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Home Forums African History  MURDER OR MOTHER?  I WILL NOT TELL YOU.

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    EZEMMỤỌ
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      Murder or mother? Is there a difference? Unequivocally, yes!

       

      Will I tell you the difference? Unmistakably, No.

       

      I will not tell you because I am too exhausted to say that a mother brings to life, nurtures, feeds, provides for, and protects. It is a herculean task telling you how murdering contrasts mothering.

      I wonder why I should even tell you that to murder is to end everything a mother began. I will not tell you that murdering puts out the light on what a mother has painstakingly and painfully put in place.

       

      Oh, hold on. In this worldly jungle of almost eight billion people, you expect me to tell you that Africa has the lion share and it sits kingly as the continent with the most countries? Is it not a joke that you want me to remind you that the lion, wounded, deprived, hungry, or bruised, is still the King of the Jungle?

       

      Ordinarily I am a nice guy. I could have listed the countries in Africa but I am too lazy to mention that Morocco, Algeria, Tunisia, Libya, Egypt, Sudan, Chad, Niger, Mali, Mauritania, Senegal, The Gambia, Guinea-Bissau, Guinea, Sierra

      Leone, Liberia, Côte d’Ivoire, Ghana, Burkina Faso, Togo, Benin, Nigeria, Cameroon, Central Africa Republic, Equatorial Guinea, Gabon, Congo, Democratic Republic of the Congo, Angola, Namibia, Botswana, South Africa, Lesotho,

      Swaziland, Mozambique, Zimbabwe, Zambia, Malawi, Tanzania, Rwanda, Burundi, Uganda, Kenya, Somalia, Ethiopia, Djibouti, Eritrea and the island countries of Cape Verde, Madagascar, Mauritius, Seychelles, Comoros, and perhaps one

      or two more countries all stride towards relevance from the African soil.

       

      I will not tell you to either help mother Mother Africa or do otherwise.

       

      I could prepare a meat-riddled, tasty, and tempting pot of bitter leaf soup with the same amount of time you expect me to expend explaining that the African continent has a unique place in human history.

      Are you not aware that Africa is widely believed to be the “cradle of humankind,”? Are you serious? You didn’t know? Haba mana! You did not know about the fossil evidence of human beings (Homo sapiens) and their ancestors through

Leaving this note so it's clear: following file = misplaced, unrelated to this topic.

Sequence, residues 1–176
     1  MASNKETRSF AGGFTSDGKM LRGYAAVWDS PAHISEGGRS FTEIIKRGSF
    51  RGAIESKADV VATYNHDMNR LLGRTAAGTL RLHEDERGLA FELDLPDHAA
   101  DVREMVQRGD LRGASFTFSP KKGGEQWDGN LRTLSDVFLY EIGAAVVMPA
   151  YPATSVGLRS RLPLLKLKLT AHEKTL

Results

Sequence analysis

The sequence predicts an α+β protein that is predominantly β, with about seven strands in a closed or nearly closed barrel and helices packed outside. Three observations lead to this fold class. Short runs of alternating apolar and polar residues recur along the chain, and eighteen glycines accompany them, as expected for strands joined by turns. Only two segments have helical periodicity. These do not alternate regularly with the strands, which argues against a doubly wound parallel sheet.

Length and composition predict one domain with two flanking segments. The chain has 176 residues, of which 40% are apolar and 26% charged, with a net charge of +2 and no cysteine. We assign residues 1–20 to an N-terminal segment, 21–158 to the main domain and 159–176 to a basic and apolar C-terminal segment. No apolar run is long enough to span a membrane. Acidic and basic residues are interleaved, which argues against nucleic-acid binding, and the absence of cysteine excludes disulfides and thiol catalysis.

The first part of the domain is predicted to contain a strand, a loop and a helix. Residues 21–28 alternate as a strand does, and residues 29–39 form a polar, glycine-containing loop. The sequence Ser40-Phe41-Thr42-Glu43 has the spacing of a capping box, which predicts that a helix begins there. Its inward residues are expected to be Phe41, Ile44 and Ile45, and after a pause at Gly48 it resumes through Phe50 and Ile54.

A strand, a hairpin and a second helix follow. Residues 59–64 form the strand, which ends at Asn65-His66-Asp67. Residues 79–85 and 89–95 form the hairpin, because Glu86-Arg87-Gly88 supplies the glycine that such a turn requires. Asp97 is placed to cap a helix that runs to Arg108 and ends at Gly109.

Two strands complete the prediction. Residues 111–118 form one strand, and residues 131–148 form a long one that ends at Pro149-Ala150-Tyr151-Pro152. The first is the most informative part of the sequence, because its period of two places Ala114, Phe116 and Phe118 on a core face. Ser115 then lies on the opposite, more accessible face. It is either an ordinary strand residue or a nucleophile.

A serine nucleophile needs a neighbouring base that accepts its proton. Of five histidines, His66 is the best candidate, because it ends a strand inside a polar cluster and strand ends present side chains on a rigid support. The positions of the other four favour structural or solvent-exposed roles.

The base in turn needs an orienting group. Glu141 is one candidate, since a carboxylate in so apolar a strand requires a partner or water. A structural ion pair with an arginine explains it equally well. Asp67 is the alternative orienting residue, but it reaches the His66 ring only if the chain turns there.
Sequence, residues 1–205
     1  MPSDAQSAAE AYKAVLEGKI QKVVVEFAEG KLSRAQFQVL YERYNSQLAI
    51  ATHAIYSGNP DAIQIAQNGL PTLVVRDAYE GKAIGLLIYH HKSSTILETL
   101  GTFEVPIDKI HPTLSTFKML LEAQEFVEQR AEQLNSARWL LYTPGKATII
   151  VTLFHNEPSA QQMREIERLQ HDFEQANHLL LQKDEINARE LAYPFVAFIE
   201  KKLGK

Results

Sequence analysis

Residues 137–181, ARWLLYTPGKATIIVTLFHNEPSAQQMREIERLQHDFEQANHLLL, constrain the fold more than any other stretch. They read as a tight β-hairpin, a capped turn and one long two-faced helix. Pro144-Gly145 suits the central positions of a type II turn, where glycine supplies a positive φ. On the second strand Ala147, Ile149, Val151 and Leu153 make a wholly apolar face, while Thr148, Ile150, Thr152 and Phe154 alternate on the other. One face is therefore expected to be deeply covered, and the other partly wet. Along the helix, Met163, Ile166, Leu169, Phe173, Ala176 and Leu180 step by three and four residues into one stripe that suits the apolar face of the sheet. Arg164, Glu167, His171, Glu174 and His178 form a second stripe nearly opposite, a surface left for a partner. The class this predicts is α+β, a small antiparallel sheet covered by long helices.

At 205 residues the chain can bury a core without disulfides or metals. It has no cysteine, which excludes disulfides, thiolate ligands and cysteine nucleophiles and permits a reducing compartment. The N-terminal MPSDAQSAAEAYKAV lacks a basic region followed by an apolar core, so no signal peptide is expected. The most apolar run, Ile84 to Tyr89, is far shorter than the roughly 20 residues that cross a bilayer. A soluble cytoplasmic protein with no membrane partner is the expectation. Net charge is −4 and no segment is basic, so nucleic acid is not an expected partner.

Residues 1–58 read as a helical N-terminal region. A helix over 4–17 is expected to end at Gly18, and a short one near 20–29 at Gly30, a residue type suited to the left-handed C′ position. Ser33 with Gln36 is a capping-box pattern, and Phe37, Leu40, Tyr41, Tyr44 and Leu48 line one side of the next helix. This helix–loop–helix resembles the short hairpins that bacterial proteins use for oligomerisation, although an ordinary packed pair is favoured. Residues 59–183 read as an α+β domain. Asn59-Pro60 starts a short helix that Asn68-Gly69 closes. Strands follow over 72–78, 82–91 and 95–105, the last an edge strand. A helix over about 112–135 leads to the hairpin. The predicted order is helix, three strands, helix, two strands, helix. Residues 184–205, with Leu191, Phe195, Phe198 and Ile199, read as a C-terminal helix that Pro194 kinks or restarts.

each key stage of their evolution? I do not like science, neither do I like history, I would have told you about the Australopithecines, our earliest ancestors; Homo habilis, our tool-making ancestors; and Homo erectus, a more robust and

      advanced relative to Homo habilis that was able to walk upright. But how can I share all that? what do I know about science? Omo, I will not tell you.

       

      You want me to tell you about the stone age? Can you really talk about humanity’s stone age without referring to the master masons – the Africans, who went through rock-hard contours to find answers to complex, simple, and even

      domestic questions of humankind’s formative years? You want me to also tell you about these ancestors who were the first to develop stone tools, and, more importantly, to explore and migrate?

       

      If I had 25 hours in my day, I would give up the extra hour to inform you that Africa has moved from the backyard area of world football to asking major questions on the global football table. But you know what? Like everyone else I have

      only 24 hours in each of my days, so, no! I do not have the time. I will not tell you because it is ridiculous that I will openly tell you how Morocco now gallantly ranks right up there atop world football? Or you don’t believe that the number

      four position is a top spot?

       

      There is a reason the dog follows the over-fed pot-bellied man around – if he does not stool, he might vomit, and either way, its food for the dog. You doubt the global relevance and prominence of Africa’s rich natural resources? You